The actions of our government representatives in the country — from a certain Mr. Davis to those Navy SEALS in Abbottabad — have produced heaps of hostility. Yet more unsettling is how private American citizens have run into trouble. We’ve been enmeshed in scandal (think Greg Mortenson), detained (remember those photo-snapping Chicago hip hop singers?), and abducted (development worker Warren Weinstein’s captivity has now lasted nearly 18 months).
Even giving lectures can be perilous. Several years ago, the scholar Clifford May had a shoe thrown at him during a presentation at Karachi University.
Making matters worse are the powerful media narratives and hostile public opinion that constantly call into question American motives and actions. (It often seems every US aid worker in Pakistan is reflexively assumed to be a CIA agent.)
Despite this all, many Americans are making remarkable contributions to Pakistan. I present, in alphabetical order, 10 of these people here. They’re not motivated by any sense of duty arising from ancestral ties (on that note, I’ve written previously on the efforts of Pakistani-Americans). Rather, they’re simply driven by an abiding interest in and concern for Pakistan. Some names here will be familiar, others less so. Yet, they all deserve equal recognition.
A Pulitzer-Prize winning journalist, Adams has spoken of her love for Pakistan’s people, culture, and fashion (she wore a Pakistani dress at her wedding). She has served as an ambassador for Bags for Bliss, an NGO that empowers rural Pakistani women by teaching embroidery. Adams is now immersed in a project rarely pursued by Americans — she’s writing a novel about Pakistan, set in Lahore.
Though this Code Pink activist’s tactics are sometimes questionable (last year she disrupted John Brennan’s controversial Wilson Center speech), the determination with which Benjamin opposes drones strikes in Pakistan is remarkable. Last year, shrugging off great security risks, she joined Imran Khan’s anti-drones peace march. She has written of her encounters with civilian drone victims during the march.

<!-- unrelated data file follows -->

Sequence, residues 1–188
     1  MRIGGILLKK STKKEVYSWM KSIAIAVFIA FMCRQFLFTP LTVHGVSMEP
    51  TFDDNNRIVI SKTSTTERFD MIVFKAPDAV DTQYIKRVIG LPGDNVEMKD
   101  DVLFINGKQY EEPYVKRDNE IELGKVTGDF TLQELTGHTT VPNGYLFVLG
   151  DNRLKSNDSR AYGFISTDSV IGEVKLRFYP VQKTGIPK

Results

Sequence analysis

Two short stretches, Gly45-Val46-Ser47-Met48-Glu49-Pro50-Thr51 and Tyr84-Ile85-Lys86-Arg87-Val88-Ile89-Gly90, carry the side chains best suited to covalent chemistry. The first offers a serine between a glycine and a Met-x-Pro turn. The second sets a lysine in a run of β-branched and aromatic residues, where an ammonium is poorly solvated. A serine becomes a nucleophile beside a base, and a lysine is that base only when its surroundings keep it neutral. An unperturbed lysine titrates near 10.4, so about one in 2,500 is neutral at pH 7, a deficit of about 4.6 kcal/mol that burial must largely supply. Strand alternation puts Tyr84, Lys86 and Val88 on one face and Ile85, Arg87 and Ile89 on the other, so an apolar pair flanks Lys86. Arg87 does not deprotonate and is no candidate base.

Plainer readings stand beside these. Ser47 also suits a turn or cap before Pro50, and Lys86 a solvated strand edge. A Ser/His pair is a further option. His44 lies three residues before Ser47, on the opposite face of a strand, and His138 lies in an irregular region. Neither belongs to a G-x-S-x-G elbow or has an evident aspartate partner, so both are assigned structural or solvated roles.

A medical doctor-turned-entrepreneur, Bernstein’s Eniware company is developing inexpensive and portable sterilisation technology that would allow medical equipment to be sterilised when energy isn’t available. Pakistan is one of the target countries — and such an innovation could be invaluable in a nation with widespread power deficiencies and immense public health challenges.
4. Ethan Casey
A travel writer and journalist, Casey has authored two acclaimed non-fiction books on Pakistan (Ahmed Rashid and Mohsin Hamid, among others, have offered rave reviews). The work of Casey, who has spent extensive time in Pakistan (including a semester at BNU), is neither starry-eyed nor deeply cynical — the dominant characterisations of much of the then on-scholarly American writing on Pakistan.
5. Teresa Lister
Many Americans engage with Pakistani Fulbright students (after all, Pakistan constitutes the scholarship’s largest program). However, Lister took the exchange to new levels. After hosting students in America, she visited them in Pakistan. She chronicled her trip in a CNN blog post, which describes her joy when offered the gift of a goat in a small Sindh village. Lister plans to return to Pakistan soon.